The 3rd Rangers preparing to embark for Anzio. Most would soon be dead or POWs.

An American soldier fighting in a later action at Cisterna (not the original debacle!).

The US 3rd rangers were nearly all killed or captured in that sorry episode. Only six escaped! In the films version of events, seven escape the battlefield. But they don't all make it back to their own lines.

And that's another of the oddities of this film: the first half is much more general, whilst the second half zooms in on the misadventures of these few survivors. Having escaped Cisterna (not named as such), they evade a flame-throwing tank, a minefield, and deal with a German patrol that interrupts their pleasant stay in a house full of Italian women, before finding a construction site, and nearly going a bit 'commando'. But when that goes pear-shaped they decide to make a bee-line for home.

Hmmm? Certainly not a great film. Not even really a particularly good one. But nevertheless worth watching. Particularly if, like me, you want to see some WWI action set in Italy. To finish this review, here's a selection of attractive old posters for the film, that suggest the promoters were as confused about it as the team who made it, judging by the variety of options they try to cover.

Is it a D-Day landing type beach assault affair?

Or a 'commando' style hit and run movie?

Or is it hell in the trenches and shell craters?

Or perhaps it's a festival di bella ragazza?

Thursday 23 June 2016

Film Review: The Bridge at Remagen, 1969

A nice old poster for the film.

The current DVD version.

After the disappointment of Anzio this film was a welcome dose of good old fashioned full on WWII action. Loosely based on real events [1], this film dramatises the American actions that secured passage of the Rhine into Germany.

George Segal plays tough war-weary Lieut. Hartman, who succeeds to command of his unit during events in the opening scene of the film. The movie follows Hartman and his unit as they spearhead the advance of the U.S. 9th armoured division, approaching the Rhine as the German defences collapse.

Gazzara and Vaughan are excellent in the two central U.S. forces roles.

Core members of the cast take a break duty filming.

A publicity shot.

How a similar scene looks onscreen.

The strategic situation for the Germans was apalling, and Hitler was only making it worse with his no retreat/no surrender 'triumph of the will' pseudo-philosophy. Considering that around 75,000 German troops, the remnants of the 15th Army, were trapped in a pocket on the west of the Rhine, with the Beidge at Remagen as their only route of escape, it was a spectacular failure not to at least concentrate more of them in the bridges defence, never mind failing to get them back over the Rhine.

Robert 'Napoleon Solo' Vaughan is excellent as Major Krüger, a pretty sympathetic 'honourable foe' type German officer, given command of the bridge defences and demolition. En-route to his new command, whilst stopped at a checkpoint, he witnesses a fellow officer being executed by firing squad at the side of the road. His driver remarks shortly afterwards that surely the war is lost once you start killing your own military leaders in such a way.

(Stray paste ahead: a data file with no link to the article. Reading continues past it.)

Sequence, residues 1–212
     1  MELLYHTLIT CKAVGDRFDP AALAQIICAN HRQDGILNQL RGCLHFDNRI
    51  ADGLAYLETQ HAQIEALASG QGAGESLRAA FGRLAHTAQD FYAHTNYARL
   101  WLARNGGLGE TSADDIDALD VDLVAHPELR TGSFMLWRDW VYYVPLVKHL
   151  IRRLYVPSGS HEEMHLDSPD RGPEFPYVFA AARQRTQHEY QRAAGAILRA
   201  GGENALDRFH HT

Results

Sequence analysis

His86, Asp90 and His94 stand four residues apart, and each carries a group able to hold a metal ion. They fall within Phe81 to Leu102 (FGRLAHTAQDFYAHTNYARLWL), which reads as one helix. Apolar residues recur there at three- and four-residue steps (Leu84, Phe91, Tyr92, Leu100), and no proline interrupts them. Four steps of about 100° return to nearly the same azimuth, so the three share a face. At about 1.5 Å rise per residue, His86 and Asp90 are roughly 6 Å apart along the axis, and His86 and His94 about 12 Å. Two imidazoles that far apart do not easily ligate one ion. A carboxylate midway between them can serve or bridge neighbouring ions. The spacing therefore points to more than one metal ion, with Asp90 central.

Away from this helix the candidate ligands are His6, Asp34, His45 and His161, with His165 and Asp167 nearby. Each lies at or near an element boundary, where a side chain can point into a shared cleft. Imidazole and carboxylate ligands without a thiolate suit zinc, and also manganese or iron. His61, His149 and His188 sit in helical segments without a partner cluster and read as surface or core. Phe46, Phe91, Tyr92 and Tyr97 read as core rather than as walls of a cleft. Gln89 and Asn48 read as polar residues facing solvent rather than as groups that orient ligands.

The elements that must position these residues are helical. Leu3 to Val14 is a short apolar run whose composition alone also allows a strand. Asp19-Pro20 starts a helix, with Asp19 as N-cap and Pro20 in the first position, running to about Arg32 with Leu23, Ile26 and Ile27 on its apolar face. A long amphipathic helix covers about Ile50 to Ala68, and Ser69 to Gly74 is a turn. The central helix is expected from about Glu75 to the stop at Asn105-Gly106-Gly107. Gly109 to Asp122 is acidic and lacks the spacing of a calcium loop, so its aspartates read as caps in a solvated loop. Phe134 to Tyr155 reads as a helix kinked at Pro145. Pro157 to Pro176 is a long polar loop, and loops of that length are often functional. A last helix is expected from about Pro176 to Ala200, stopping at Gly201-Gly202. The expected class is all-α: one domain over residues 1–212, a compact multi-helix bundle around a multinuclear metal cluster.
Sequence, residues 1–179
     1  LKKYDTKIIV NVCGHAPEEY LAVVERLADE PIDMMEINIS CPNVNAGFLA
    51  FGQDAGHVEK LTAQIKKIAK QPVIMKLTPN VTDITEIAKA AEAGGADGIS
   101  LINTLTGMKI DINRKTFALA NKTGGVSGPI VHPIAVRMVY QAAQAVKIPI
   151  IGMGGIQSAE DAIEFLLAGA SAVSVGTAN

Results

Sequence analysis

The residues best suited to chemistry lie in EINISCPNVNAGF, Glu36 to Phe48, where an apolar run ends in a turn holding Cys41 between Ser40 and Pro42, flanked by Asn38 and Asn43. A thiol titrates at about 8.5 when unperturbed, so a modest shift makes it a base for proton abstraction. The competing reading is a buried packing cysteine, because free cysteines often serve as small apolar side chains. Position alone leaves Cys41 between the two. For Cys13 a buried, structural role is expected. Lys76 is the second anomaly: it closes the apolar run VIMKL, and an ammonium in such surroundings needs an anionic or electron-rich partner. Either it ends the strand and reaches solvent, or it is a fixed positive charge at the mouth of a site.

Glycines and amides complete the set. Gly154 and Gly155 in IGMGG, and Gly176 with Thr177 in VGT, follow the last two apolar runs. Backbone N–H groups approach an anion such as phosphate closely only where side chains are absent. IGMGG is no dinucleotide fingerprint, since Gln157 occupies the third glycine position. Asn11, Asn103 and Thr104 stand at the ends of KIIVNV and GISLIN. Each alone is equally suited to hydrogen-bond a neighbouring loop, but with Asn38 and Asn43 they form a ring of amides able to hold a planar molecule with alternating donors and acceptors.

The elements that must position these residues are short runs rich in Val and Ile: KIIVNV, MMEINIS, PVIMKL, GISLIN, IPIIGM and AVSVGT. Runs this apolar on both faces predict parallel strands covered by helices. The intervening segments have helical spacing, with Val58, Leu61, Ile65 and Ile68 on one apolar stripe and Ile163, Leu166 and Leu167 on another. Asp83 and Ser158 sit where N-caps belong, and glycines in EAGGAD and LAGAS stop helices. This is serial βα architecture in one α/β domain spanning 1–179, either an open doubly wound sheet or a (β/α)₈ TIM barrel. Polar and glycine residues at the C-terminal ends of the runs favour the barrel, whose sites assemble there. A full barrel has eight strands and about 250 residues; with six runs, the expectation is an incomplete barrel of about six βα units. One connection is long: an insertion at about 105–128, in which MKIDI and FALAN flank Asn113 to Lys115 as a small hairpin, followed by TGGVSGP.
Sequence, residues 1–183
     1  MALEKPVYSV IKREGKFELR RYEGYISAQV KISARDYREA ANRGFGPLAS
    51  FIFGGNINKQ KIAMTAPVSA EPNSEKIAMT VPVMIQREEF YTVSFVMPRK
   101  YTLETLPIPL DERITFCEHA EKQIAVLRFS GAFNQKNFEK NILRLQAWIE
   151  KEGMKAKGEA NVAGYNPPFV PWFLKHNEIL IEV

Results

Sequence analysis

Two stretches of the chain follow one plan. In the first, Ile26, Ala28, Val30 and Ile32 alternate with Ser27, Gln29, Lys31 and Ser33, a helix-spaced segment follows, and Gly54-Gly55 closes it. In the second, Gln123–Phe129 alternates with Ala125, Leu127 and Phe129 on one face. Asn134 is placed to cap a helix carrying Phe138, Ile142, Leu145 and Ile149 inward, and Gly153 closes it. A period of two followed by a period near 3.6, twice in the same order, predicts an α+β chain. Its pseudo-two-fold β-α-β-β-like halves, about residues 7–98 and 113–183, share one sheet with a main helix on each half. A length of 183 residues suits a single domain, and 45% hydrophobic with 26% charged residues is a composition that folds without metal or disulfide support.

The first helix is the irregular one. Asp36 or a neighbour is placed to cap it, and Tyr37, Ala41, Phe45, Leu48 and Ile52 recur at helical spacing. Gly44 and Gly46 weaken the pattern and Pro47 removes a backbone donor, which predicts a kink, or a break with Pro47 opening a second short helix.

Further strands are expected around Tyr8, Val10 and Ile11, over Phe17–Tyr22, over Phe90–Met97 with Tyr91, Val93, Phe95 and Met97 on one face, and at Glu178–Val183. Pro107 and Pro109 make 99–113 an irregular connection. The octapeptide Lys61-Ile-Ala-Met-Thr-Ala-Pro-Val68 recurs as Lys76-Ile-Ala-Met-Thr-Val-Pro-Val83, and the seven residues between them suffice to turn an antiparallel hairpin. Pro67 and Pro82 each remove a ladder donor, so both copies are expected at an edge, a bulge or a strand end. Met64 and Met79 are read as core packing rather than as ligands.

Vaughan as Krüger.

A nice retro looking tinted black and white still: either side of Vaughan are Hans Christian Blech, and Joachim Hansen, Krüger's immediate subordinates.

Hartman's troops have a very mixed experience as they near the Rhine, ranging from ambushes in peaceful looking countryside to the almost unopposed occupation of German towns. Initially they are tasked with helping destroy the bridge; ironically the Allies desire this, despite it being the last intact bridge over the Rhine, the trapping and destruction of the 15th Army bring an opportunity to good to lose.

Catching dinner amidst corpses.

But these orders are contermanded, and Hartman's battle-fatigued and reduced unit is ordered to storm the bridge and take it intact, so the Allies can cross the Rhine and hopefully end the war quicker. The Germans, despite the late arrival of demolition materials, have set charges on the bridge, and the attacking Americans realise they're assaulting a potential death-trap. This scenario, based on the real events, makes for compelling viewing, and is very well realised here on film.

E.G. Marshall, as Gen. Shinner, decides to capture the bridge intact, if he can.

Both the Allied forces and the Germans bombed the bridge at various points.

U.S. armour pounds the German defences on the opposite bank.

German guns on the eastern bank reply.

I don't know exactly what these guns were, but they do at least look like 88mm.

Filling in the damaged approach to the bridge under fire.

Compared with the real events, the film-makers milk this situation for maximum drama, embroidering heavily on what actually happened. Personally I don't mind this at all. Intelligent viewers can enjoy an exciting movie and still discern truth from fiction by researching the real events if they're interested enough.

American forces crossing the Ludendorff bridge.

The famous sign.

I try not to give too much away in my film reviews, for any readers who might not have seen the movie in question. I'll keep to that modus operandi here. Suffice it to say that this is all that a 'classic' WWII film should be: action-packed, well acted, well made, and with sufficient respect paid both to real events and all parties involved. It's a good 'un!